Home Chapter 1 Artificial Life
Artificial Life

Indeed, we are seeing a co-evolution taking place between humans and their intelligent machines, however machines are also now being allowed to evolve by themselves. The science/art of artificial life defines a new strategy that uses the lessons of biological evolution to allow computers to utilize “genetic algorithms” to find solutions to problems, as well as evolve to be more fit to exist in certain environments.

 

Artificial life examines "life as it could be" by researching the principles and simulating real biological forms in non-biological material.

 
 
Autopoiesis (2000-04), created by the author, is a robotic sculpture installation commissioned by the Kiasma Museum in Helsinki, Finland as part of Outoaly, the Alien Intelligence Exhibition curated by Erkki Huhtamo in 2000. It consists of fifteen robotic sound sculptures that interact with the public and self modify their behaviors over time.

These behaviors change based on feedback from infrared sensors, the presence of the participant/viewers in the exhibition, and the communication between each separate sculpture. This series of robotic sculptures talk with each other through a computer network and audible telephone tones, which are a musical language for the group.

 

Autopoiesis. by  Ken Rinaldo 2000.

 

Autopoiesis is "self making", a characteristic of all living systems, which was defined and refined by Francisco Varella and Humberto Maturana. The interactivity engages the viewer/participant, who in turn affect the system's evolution and emergence. This creates a system evolution as well as an overall group sculptural aesthetic. Autopoiesis breaks out of standard interfaces (mouse) and playback methodologies (CRT) and presents an interactive environment, which is immersive, detailed, and able to evolve in real time by utilizing feedback and interaction from audience/participant members.

Autopoiesis continually evolves its own behaviors in response to the unique environment and viewer/participant inputs. This group consciousness of sculptural robots manifests a cybernetic ballet of experience, with the computer/machine and viewer/participant involved in a grand dance of one sensing and responding to the other.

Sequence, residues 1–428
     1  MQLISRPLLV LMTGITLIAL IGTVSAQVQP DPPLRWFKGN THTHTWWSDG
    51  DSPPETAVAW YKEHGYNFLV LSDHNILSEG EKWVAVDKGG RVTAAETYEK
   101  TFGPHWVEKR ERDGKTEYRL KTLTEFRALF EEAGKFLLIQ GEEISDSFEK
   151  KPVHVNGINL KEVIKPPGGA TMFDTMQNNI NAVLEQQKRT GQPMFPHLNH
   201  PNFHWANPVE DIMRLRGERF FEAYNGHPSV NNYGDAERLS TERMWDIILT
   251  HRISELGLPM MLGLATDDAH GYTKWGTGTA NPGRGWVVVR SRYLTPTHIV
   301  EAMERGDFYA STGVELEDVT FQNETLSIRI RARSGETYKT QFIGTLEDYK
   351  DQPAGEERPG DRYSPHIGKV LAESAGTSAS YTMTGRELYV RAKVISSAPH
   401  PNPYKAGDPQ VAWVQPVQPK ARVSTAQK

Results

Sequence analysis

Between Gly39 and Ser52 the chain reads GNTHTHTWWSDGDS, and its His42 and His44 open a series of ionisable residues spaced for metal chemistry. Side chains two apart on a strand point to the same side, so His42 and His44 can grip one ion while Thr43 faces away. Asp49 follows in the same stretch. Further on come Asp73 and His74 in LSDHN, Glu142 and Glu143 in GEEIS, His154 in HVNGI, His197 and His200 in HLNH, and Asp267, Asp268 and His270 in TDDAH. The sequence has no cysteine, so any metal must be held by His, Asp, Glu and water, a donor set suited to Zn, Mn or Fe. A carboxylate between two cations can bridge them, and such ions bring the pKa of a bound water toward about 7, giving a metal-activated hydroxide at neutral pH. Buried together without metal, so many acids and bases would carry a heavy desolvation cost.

Cybernetics is the science of communication and the control in computer and human interaction

 

Are computers now able to give birth to themselves? At Brandeis University, in August of 2000, the researcher Jordan Pollack and his colleague Hod Lipson of Cornell developed a system that would allow a set of robots to evolve in the virtual space of the computer first and then manifest in the physical world using rapid prototyping technology. [9]

 

Rapid prototyping is a way of creating 3D physical models automatically from computer designs in either an additive process, where the model is created one millimeter at a time using liquid plastic, or by a subtractive process, where a delicate carving tool cuts the object from a block of plastic.

 

The Golem Project (Genetically Organized Lifelike Electro Mechanics ) by Jordan Pollack and Hod Lipson. 2000.

 

These computer scientists were able to develop artificial life algorithms that provided the instructions for the robots to evolve locomotion. In the figure above you can see the robot pushing itself through the sand.